**Update:** Here is an article about this proof in Quanta magazine.

I also gave three lectures at Yale about polymath projects (at that time both Polymath10 and Polymath11 were active), and a special welcome lecture to fresh Ph. D. potential students POLYMATH and more – Mathematics over the Internet (click for the presentation) about polymath projects and mainly Polymath5, MathOverflow, mathematical aspects of Angry Birds and why they should all choose Yale.

One of repeated rather unpleasant dreams I had over the years (less so in the last decade) was that the Israeli army discovered that I still owe some months of service, and I find myself confusingly and inconveniently back in uniform. A few weeks (+ one year) ago I had a new variant of that dream appropriately scaled to my current age: MIT discovered that I still owe some months of my postdoctoral service. This was much more pleasant!

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Oded Goldreich’s 60 birthday meeting, April 19-20 at the Weitzmann Institute promises to be a great event. Here is the webpage of the event. Many cool talks with cool titles. To celebrate the birthday we run a poll for the coolest title among eight selected titles. Please participate!

The coolest titles are:

First place: 31% of votes (22/71)

Shafi Goldwasser, Wednesday, April 19, 14:20-14:50

Second place: 20% (14/71)

Boaz Barak, Wednesday, April 19, 14:50-15:30

Third place: 17% (12/71)

Avi Wigderson, Thursday, April 20, 10:00-10:40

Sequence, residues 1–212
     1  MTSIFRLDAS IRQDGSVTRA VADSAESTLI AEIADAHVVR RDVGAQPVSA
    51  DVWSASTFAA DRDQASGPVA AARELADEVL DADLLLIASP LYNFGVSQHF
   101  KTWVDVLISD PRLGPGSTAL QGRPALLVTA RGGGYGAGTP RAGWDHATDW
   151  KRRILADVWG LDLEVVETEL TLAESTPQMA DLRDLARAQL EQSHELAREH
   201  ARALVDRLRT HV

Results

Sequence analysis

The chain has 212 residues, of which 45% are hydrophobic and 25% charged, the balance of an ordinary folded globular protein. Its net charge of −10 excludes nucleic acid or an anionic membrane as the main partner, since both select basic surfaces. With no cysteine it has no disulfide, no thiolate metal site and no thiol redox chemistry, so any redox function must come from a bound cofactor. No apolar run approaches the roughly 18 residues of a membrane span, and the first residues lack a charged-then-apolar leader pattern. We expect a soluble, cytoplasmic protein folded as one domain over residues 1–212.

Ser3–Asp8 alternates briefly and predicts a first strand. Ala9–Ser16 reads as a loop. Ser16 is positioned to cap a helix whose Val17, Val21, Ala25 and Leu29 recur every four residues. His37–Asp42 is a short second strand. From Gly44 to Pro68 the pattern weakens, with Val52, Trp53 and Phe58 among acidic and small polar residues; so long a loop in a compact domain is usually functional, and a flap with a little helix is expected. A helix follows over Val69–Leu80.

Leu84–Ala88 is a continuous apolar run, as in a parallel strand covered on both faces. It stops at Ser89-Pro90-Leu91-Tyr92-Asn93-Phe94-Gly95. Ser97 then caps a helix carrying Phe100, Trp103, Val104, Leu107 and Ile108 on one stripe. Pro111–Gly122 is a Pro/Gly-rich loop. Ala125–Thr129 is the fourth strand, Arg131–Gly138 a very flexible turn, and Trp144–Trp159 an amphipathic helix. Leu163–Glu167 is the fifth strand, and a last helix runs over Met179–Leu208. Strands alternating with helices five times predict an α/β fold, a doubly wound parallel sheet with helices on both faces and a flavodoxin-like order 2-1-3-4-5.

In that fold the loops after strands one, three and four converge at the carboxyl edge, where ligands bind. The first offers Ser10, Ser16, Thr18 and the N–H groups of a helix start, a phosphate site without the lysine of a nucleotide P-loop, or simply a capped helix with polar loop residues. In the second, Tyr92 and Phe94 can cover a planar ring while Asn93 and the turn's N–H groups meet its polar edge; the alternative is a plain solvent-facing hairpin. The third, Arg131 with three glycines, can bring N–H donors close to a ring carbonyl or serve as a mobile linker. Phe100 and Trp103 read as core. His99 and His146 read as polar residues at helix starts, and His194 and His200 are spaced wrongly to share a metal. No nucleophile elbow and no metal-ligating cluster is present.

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European Commission will launch €1 billion quantum technologies flagship; The full quantum manifesto;

A general article about quantum technologies and computing in the Economist.

“Nature” article Quantum computers ready to leap out of the lab in 2017. It is mainly on Google, Microsoft, and Monroe’s lab mentioning also IBM, Rigetti and Quantum Circuits (a new startup by the Yale group). A little debate between John Martinis and Robert Schoelkopf about the target of “quantum supremacy.” Regarding topological quantum computing Leo Kouwenhoven declares that “2017 is the year of braiding,”

How to say “Quantum computers” in other languages? Hebrew: מחשבים קוונטים pronounced: maghshevim kvantim; Spanish: Computadoras cuánticas (google translate)*. *

Please contribute! For earlier efforts in this spirit see “more or less in various languages” and “When it rains it pours” in various languages. Of course, ordinary comments are welcome as well.

The Race to Sell True Quantum Computers Begins Before They Really Exist, (Wired) Mainly on Google and IBM. IBM Inches Ahead of Google in Race for Quantum Computing Power, MIT Technology Review. Commercialize *quantum* technologies in five years (Nature)

IBM: IBM’s quantum cloud computer goes commercial (Nature) IBM moves from a 5-qubit quantum computer to 50-qubit commercial quantum computer in the near future. Also IBM’s first commercial quantum computer paves way to overhaul of molecular simulations (chemistry world); IBM Building First Universal Quantum Computers for Business and Science (IBM Press Release); and a PC World article.

Google: Researchers Report Milestone in Developing Quantum Computer (NYT); Quantum computing is poised to transform our lives. Meet the man leading Google’s charge (Wired, and interview with John Martinis)

Microsoft: Microsoft Makes Bet Quantum Computing Is Next Breakthrough (NYT) ; Inside Microsoft’s quest for a topological quantum computer (Nature) Microsoft doubles down on quantum computing bet. Microsoft approach is based on topological quantum computing.

Others: Scientists are close to building a quantum computer that can beat a conventional one, Science, Chris Monroe and the Startup ionQ, and various other groups and methods. Quantum Computing on Cusp, EE Times, Yale’s group and Quantum Circuits. Quantum hanky-panky (Seth Lloyd, Edge); Its much bigger than it looks ( ;

NIST: National Institute of Standards and Technology, quantum divisions. Super *quantum* simulator ‘entangles’ hundreds of ions (Science daily) *Quantum computers* may have higher ‘speed limits’ than thought (Phys.org.) A thought experiment by Stephen Jordan.